Travel Industry Still Being Held Accountable on Green Efforts Even in This Pandemic

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SKIFT FORUM ASIA  |  OCTOBER 15  |  ONLINE CONFERENCE  |  THE DECADE AHEAD: SAFEGUARDING TRAVEL’S FUTURE

The entire travel industry may be focused on overcoming the coronavirus crisis, but don’t let that fool you: sustainability hasn’t gone away.

This warning came from Shoba Mohan, founder of RARE India, which has been promoting conservation and community-based tourism with its collection of concept hotels across India, Nepal, and Bhutan.

Tourists haven’t forgotten, she argued, and the need for hoteliers to address their impact on the environment hasn’t gone away either. “In our hurry to stall the pandemic, you don’t want to be faced with a much bigger issue,” she said at Skift Forum Asia on Thursday. “There may be a vaccine any time.”

Mohan was quizzed during the “Keeping Travel Green While Fighting the Pandemic” panel as to how the travel sector can keep promoting reusable items, and single-use plastic, in the face of a highly contagious virus.

“How can you be sustainable in a pandemic?” asked Cameron Sperance, Skift’s hospitality editor.

Shoba Mohan, founder partner of RARE India.

“As an industry, when we’re all talking about sustainability, this is the time you’re being tested,” she replied “I don’t want to lose the ground I’ve made over the past four years? Garbage, plastic… we don’t have long-term solutions.”

Mohan also argued that for her business, the attitude of “first let the business come in, we’ll talk sustainable later” didn’t chime with her, as sustainability was not a choice.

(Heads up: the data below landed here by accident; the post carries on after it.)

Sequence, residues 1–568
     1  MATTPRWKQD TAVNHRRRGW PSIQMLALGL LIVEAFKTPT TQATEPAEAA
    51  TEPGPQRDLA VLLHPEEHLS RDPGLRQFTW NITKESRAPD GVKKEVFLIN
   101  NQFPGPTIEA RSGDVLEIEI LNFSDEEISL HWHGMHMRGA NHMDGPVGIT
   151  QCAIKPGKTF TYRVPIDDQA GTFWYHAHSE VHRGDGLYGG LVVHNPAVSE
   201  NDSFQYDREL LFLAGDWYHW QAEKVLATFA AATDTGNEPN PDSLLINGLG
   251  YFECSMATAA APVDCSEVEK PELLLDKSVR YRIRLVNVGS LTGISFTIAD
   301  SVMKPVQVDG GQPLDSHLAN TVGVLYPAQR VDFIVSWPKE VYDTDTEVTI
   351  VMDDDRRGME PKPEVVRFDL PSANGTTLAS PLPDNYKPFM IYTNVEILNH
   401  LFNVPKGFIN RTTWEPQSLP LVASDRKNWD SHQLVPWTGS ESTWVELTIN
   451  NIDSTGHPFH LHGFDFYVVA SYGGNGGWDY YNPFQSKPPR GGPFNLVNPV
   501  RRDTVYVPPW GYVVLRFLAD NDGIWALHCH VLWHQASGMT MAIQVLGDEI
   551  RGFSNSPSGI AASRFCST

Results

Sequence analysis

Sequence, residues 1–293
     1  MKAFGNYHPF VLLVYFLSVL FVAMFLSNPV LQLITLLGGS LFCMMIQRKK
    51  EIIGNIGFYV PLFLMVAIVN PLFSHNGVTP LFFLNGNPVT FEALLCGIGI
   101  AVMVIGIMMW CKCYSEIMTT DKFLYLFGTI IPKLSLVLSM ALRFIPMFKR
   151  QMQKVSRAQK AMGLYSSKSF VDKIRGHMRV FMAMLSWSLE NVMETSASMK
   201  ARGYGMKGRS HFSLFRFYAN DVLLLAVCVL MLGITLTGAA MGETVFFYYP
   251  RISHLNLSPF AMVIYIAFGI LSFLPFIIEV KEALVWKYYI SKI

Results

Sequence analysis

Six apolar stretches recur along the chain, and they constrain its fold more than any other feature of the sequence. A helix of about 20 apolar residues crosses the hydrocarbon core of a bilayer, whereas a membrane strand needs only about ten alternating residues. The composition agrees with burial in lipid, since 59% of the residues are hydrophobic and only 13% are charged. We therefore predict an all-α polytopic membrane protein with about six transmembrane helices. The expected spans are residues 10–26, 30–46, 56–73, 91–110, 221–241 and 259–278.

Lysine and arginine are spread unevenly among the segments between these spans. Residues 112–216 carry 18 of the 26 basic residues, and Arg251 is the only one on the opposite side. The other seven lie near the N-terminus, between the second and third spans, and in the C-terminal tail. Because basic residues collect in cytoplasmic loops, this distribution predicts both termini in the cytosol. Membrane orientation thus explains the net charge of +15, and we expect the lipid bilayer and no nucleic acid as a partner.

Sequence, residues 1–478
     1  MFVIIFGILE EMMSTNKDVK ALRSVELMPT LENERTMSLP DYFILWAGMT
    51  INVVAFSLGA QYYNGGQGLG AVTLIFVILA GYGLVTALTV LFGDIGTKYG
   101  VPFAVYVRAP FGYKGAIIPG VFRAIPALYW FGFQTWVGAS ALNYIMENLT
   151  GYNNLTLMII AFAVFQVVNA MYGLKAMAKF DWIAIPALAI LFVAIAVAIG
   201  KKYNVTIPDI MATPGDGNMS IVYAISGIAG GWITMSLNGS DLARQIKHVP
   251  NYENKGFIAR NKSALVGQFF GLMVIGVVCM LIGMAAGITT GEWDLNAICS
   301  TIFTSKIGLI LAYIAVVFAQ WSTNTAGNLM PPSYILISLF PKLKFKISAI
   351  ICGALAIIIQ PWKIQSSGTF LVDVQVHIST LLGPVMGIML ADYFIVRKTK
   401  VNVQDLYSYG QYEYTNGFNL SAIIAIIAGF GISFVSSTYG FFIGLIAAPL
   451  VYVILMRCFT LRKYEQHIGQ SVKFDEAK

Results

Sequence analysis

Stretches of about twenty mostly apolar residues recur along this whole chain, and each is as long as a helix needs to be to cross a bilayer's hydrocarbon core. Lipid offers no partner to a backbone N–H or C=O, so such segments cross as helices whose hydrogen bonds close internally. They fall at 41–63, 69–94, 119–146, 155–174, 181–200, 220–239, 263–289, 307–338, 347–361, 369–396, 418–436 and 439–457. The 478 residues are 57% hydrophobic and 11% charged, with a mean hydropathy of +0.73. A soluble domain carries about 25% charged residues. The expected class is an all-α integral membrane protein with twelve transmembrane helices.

However, Willem Niemeijer, CEO and founder of eco-lodge operator Yaana Ventures, said that while the typical sustainability mantra is “people, planet, and profit”, he also believed in profit, people and planet. “Profitability comes first, without that there’s no business. There’s a lot of pressure,” he said.

For example, the next climate concern for Asia was also the upcoming “burning season” where local farmers burn old crops or forest land to make way for new planting. He agreed with Mohan that with so much focus on Covid, this type of pollution will be the next problem, especially with the travel industry encouraging people to go outdoors to stem the spread of Covid-19.

Beware the Greenwashers

The speakers were also asked which aspect of “greenwashing” where a company spends more time and money on marketing their eco-credentials than actually minimizing their environmental impact — they most disliked.

For Mohan, it was how hoteliers, particularly in remote areas, boasted they worked with the local community. “Sometimes they can exploit them,” she said. “There’s a fine line. Hotels also need to up-skill staff, or ensure there are medical facilities.”

Willem Niemeijer, CEO and founder at Yaana Ventures.

Returning to the theme of “the great outdoors,” Niemeijer also said communities around the properties need to be actively engaged to avoid the next overtourism. Now is the time to make sure hoteliers don’t make the same mistakes as other regions did.

For RARE India, one way to keep green while fighting the pandemic was to continue talking to the property owners. “The narrative should not just be about the hardware of hotels, but also their ideology. We talk about their own interests, and transformation,” Mohan said.

As the pandemic worsens, the future on the other side looks increasingly local. Local is also where those green shoots can thrive.

Photo Credit: Ko Hong, Thailand. Hoteliers have been warned not to partake in “greenwashing”, but rather add value to the remote communities in which they operate. Andrzej Suwara / Unsplash

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